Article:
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Ways & Means Committee Mark Ups Include Changes to Health-Care Related Taxes

2 min readBy: Erica York

The House Ways and Means committeeThe Committee on Ways and Means, more commonly referred to as the House Ways and Means Committee, is one of 29 U.S. House of Representative committees and is the chief tax-writing committee in the U.S. The House Ways and Means Committee has jurisdiction over all bills relating to taxes and other revenue generation, as well as spending programs like Social Security, Medicare, and unemployment insurance, among others. is marking up 11 different bills and other materials this week, ranging from changes to health savings accounts (HSAs) to Affordable Care Act (ACA) provisions.

Many of the bills are focused on making changes to HSAs that generally broaden their flexibility. For example, H.R. 6305 would allow individuals to make HSA contributions without regard to whether their spouse has a health flexible spending account. And H.R. 6309 would allow individuals eligible for Medicare, but enrolled only in Medicare Part A, the ability to contribute to an HSA.

H.R. 6306 would also make changes to health savings accounts (HSAs), including increasing the contribution limits for HSAs from $3,450 to $6,650 for self-only coverage and from $6,900 to $13,300 for family coverage. The JCT estimates that increasing the contribution limits would reduce federal revenues by $14.5 billion over the decade; other changes in the bill bring its 10-year cost to $15.3 billion. H.R. 6199 would allow HSAs to be used for over-the-counter medicines, which the JCT estimates would cost $6.7 billion over the next decade.

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Other bills up for consideration include H.R. 4616, which would further delay the ACA’s “Cadillac taxThe Cadillac Tax is a 40 percent tax on employer-sponsored health care coverage that exceeds a certain value. The aim: to curb health-care cost growth, reduce favorable tax treatment of employer-provided insurance, and help fund the Affordable Care Act (ACA). It was repealed in late 2019 before taking effect. ” through December 31, 2022. The Cadillac taxA tax is a mandatory payment or charge collected by local, state, and national governments from individuals or businesses to cover the costs of general government services, goods, and activities. is a 40 percent excise tax levied on health insurance plans valued above a certain threshold, but it has never been implemented because of previous legislative delays. This bill would also place a temporary moratorium on the ACA’s employer mandate, making it inapplicable for all months between December 31, 2014 and January 1, 2019. The employer mandate requires all employers with at least 50 full-time employees to offer health insurance or pay a penalty. The Joint Committee on Taxation (JCT) estimates that these changes would reduce federal revenues by about $39.5 billion over the decade.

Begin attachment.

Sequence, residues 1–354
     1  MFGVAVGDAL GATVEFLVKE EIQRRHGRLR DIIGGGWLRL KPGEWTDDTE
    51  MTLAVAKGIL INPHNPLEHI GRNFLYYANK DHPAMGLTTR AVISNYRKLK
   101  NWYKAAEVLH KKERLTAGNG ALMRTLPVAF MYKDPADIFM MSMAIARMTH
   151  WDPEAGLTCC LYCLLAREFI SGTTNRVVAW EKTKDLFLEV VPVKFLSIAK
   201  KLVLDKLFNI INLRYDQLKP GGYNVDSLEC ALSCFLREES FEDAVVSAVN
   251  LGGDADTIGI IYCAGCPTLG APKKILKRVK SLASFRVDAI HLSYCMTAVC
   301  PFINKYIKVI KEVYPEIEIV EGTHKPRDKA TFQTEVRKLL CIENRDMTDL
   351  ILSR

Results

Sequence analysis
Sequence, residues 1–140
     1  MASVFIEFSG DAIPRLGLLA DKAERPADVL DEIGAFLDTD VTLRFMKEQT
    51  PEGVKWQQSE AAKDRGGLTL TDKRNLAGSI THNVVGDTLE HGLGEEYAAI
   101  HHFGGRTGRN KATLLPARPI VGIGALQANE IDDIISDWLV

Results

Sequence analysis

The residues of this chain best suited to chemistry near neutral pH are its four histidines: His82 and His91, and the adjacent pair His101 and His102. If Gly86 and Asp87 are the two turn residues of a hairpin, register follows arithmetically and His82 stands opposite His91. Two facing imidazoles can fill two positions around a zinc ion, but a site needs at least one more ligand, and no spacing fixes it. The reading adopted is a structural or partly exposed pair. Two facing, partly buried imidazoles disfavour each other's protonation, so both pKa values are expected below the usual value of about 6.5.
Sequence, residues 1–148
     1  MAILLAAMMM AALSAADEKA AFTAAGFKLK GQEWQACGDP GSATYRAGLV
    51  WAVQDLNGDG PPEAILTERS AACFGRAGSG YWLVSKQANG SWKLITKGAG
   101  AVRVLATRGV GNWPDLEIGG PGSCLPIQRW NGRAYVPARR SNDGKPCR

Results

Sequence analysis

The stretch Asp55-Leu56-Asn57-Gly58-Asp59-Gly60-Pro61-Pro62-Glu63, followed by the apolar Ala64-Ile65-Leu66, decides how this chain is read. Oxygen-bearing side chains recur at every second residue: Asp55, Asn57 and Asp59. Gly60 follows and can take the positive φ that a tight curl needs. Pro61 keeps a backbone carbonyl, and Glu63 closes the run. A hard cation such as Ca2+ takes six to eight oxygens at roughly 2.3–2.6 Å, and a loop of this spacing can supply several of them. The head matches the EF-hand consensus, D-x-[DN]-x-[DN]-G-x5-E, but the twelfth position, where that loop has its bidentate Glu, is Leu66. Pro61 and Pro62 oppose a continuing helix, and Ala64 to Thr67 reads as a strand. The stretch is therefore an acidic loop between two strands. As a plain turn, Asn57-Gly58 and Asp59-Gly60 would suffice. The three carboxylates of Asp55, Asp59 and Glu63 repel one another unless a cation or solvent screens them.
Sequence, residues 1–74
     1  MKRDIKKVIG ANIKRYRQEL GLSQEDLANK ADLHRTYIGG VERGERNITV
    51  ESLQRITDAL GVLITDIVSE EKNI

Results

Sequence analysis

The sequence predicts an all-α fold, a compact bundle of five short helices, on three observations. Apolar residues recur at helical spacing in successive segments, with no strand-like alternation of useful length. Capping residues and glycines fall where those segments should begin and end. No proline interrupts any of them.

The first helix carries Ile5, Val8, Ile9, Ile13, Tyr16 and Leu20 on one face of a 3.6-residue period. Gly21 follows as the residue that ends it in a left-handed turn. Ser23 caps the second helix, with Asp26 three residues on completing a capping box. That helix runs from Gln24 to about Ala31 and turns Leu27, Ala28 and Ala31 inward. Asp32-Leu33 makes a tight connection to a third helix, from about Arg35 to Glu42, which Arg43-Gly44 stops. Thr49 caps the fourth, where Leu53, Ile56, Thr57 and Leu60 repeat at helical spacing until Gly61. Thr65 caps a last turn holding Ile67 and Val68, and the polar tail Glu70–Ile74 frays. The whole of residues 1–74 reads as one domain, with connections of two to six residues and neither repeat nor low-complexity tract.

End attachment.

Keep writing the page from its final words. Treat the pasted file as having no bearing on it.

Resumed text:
Another proposal, the Personal Health Investment Today Act, or “PHIT Act,” would expand the definition of qualified medical expenses to include things like fitness classes and sports equipment, which would allow individuals to purchase them with their HSAs. The amount would be limited to $500 a year (double that for married or head of household filers), and the amount spent on any single piece of equipment limited to $250. The change excludes expenses related to golfing, hunting, sailing, and horseback riding, and is estimated to cost $3.5 billion over the next decade.